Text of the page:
Wednesday, May 23, 2018

Kubernetes - Volumes

Volumes in Kubernetes are a directory accessible to all containers running in a Pod. It also provides additional guarantee that the data is preserved across container restarts. A Volume can be backed with aws or nfs or azure or even the host location. below are the different types of volumes,
   Node local Volumes such as emptyDir or hostPath
   Network volumes such as nfs , glusterfs or cephfs
   Cloud volumes such as Aws elastic block, Azure disk and gce Persistent disk
   Special volumes like secretes or gitrepo

In this article we will see how we can use the node local volumes such as emptyDir and hostPath.

emptyDir - A volume type that provides an empty directory that containers in the pod can read and write from. When the pod is removed from the node , the data in the emptyDir is deleted for ever. As the name says it is empty. This volume type can be used with either the storage volumes of the node machine itself or an optional RAM disk for higher performance. As said the data will be lost during machine reboots and this can be used when we need some temporary space or have containers that process data in the emptyDir and hand it off to another container. The emptyDir volume can be attached from the local node or from local memory event. To Create a emptyDir volume we can create as,
[root@manja17-I13330 kubenetes-config]# cat emptyDir-mysql.yml
apiVersion: v1
kind: Pod
metadata:
 name: "mysql"
 labels:
  name: "lbl-k8s-mysql"
spec:
 containers:
  - image: docker.io/jagadesh1982/testing-service
    name:  "testing"
    imagePullPolicy: IfNotPresent
    ports:
     - containerPort: 3306
    volumeMounts:
      - mountPath: /data-mount
        name: data
 volumes:
   - name: data
     emptyDir: {}

Now when we login to the container and see the mount points we can see,
[root@manja17-I13330 kubenetes-config]# kubectl exec mysql -c testing -it bash
root@mysql:/usr/src/app# cd /data-mount
root@mysql:/data-mount# pwd
/data-mount
root@mysql:/data-mount# touch hello
root@mysql:/data-mount# echo "hello world" >> ./hello
root@mysql:/data-mount# exit
exit

We can see that a mount point /data-mount is available inside the container.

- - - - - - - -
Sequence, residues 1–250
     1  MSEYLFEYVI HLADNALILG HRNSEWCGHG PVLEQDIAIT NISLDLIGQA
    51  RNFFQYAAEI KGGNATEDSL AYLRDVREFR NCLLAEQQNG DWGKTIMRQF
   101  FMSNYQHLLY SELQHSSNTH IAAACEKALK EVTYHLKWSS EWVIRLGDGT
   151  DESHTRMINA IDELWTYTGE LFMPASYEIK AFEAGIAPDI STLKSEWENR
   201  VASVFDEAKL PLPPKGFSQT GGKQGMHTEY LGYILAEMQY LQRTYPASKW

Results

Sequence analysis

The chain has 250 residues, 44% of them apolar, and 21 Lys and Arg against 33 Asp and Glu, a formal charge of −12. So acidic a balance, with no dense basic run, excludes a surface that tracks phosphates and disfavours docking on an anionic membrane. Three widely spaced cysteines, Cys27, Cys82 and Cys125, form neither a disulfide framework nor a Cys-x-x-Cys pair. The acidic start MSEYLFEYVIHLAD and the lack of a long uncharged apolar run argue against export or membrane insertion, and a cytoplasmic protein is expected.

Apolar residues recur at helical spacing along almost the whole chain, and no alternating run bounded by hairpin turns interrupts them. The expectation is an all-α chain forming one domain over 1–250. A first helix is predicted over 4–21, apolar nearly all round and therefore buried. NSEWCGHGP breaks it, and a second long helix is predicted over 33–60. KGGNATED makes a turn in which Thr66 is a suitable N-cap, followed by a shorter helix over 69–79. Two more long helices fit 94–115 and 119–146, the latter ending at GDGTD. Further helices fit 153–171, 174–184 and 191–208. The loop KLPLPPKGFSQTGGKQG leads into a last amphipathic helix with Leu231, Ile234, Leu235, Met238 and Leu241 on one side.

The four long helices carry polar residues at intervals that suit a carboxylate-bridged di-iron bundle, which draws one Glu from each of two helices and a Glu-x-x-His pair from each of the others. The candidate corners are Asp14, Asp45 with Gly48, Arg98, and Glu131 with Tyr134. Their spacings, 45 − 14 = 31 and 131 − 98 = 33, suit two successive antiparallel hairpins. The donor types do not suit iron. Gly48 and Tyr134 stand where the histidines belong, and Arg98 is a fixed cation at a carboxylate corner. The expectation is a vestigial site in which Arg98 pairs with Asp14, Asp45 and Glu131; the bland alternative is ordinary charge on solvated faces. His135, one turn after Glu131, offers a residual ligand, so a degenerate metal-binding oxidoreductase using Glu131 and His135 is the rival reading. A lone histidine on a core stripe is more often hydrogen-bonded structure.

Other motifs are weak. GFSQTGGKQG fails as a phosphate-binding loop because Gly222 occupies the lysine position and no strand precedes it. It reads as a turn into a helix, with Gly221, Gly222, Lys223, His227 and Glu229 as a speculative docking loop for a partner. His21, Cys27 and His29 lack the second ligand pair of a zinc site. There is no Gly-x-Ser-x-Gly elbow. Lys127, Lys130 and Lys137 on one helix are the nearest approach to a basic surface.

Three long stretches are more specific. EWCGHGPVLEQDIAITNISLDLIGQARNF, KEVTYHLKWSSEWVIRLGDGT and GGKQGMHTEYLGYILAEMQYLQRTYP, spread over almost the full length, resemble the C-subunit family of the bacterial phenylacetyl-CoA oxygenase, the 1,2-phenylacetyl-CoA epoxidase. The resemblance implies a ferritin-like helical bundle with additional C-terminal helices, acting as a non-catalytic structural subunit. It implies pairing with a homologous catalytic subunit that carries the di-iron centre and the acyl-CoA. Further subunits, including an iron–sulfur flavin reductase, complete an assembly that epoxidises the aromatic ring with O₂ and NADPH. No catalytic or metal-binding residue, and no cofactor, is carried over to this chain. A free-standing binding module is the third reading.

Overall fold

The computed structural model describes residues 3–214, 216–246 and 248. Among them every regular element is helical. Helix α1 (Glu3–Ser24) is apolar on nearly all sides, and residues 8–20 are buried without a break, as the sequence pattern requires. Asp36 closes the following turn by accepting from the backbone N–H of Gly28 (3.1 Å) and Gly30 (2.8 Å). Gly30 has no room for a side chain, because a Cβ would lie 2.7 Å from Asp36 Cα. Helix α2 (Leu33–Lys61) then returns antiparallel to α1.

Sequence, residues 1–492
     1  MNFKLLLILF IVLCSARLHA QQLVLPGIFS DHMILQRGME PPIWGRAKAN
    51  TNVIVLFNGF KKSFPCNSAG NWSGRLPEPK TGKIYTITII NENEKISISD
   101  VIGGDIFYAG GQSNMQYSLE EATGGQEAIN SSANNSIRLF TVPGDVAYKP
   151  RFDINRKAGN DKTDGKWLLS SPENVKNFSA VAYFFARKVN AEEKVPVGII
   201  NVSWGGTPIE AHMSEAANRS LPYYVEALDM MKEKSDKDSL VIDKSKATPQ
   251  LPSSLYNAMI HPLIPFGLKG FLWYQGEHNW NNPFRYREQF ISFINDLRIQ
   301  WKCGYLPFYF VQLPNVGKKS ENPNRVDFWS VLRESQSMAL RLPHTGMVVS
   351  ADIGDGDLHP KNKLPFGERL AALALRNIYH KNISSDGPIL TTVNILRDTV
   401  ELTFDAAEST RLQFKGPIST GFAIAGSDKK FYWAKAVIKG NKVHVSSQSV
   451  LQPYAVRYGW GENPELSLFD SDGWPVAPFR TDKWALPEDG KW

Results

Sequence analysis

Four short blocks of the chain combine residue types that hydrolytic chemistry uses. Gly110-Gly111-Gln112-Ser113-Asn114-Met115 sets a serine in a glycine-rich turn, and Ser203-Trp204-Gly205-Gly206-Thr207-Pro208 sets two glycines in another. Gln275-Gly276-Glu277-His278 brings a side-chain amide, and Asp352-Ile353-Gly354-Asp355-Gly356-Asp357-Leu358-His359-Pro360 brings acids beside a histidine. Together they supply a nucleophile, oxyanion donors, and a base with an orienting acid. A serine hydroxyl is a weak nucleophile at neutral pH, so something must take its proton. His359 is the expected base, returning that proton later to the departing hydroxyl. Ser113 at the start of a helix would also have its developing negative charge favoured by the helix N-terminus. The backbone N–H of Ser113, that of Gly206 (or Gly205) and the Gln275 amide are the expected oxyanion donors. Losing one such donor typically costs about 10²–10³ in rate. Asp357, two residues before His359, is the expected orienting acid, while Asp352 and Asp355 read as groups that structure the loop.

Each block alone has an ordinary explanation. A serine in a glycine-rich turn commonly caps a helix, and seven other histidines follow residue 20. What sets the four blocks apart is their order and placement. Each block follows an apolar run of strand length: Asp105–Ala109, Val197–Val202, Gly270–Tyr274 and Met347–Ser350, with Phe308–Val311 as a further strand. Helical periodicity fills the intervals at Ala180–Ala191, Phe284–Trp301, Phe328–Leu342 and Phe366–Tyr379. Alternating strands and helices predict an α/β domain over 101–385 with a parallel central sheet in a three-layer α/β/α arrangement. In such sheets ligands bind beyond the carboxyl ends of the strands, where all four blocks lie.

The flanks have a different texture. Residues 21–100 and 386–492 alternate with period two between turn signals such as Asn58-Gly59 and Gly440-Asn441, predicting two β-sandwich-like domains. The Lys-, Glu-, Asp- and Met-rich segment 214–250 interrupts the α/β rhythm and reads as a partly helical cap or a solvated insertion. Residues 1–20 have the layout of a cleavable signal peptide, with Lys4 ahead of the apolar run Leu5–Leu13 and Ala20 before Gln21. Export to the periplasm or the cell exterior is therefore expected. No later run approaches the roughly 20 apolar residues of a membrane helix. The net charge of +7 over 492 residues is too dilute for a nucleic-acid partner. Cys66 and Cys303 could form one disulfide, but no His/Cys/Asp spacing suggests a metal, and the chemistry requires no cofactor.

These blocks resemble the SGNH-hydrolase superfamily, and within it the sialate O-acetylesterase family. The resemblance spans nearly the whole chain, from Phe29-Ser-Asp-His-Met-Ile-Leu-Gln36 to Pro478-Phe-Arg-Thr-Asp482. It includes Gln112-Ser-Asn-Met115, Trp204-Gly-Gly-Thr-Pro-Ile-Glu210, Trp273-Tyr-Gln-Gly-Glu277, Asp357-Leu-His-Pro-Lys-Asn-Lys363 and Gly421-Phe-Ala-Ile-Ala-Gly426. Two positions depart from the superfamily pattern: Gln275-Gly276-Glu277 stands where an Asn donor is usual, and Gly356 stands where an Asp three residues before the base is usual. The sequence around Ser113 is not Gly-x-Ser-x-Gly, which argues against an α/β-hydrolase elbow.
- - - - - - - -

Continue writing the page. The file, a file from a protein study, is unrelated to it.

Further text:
emptyDir with memory - Lets create the same above emptyDir with the medium memory as below,
[root@manja17-I13330 kubenetes-config]# cat emptyDir-memory-pod.yml
apiVersion: v1
kind: Pod
metadata:
 name: "mysql"
 labels:
  name: "lbl-k8s-mysql"
spec:
 containers:
  - image: docker.io/jagadesh1982/testing-service
    name:  "testing"
    imagePullPolicy: IfNotPresent
    ports:
     - containerPort: 3306
    volumeMounts:
      - mountPath: /data-mount
        name: data
 volumes:
   - name: data
     emptyDir:
       medium: Memory

There is a new element that came in between which the medium which says this is a Memory. start the container and see what are present,
[root@manja17-I13330 kubenetes-config]# kubectl exec mysql -c testing -it bash
root@mysql:/# ls
bin   data-mount  etc lib media  opt root sbin sys                 tmp var
boot  dev      home lib64 mnt    proc run srv testing_service.py  usr
root@mysql:/# cd data-mount/
root@mysql:/data-mount# pwd
/data-mount
root@mysql:/data-mount# cd ..
root@mysql:/# exit
exit

hostPath - A host Path volume mounts a file or directory from the host node file system into your pod.  To attach a node local directory into the pod we can use,[root@manja17-I13330 kubenetes-config]# cat hostpath-mount.yml
apiVersion: v1
kind: Pod
metadata:
 name: testing-service
spec:
 containers:
  - image: docker.io/jagadesh1982/testing-service
    name:  testing
    imagePullPolicy: IfNotPresent
    ports:
     - containerPort: 80
    volumeMounts:
      - mountPath: /usr/share/nginx/html
        name: data
 volumes:
   - name: data
     hostPath:
       path: /tmp

In the above we are attaching the node /tmp location to the pod /usr/share/nginx/html location. So what ever the file available in the /tmp location of the node will be seen in the /usr/share/nginx/html directory.

More to Come , Happy learning :-)

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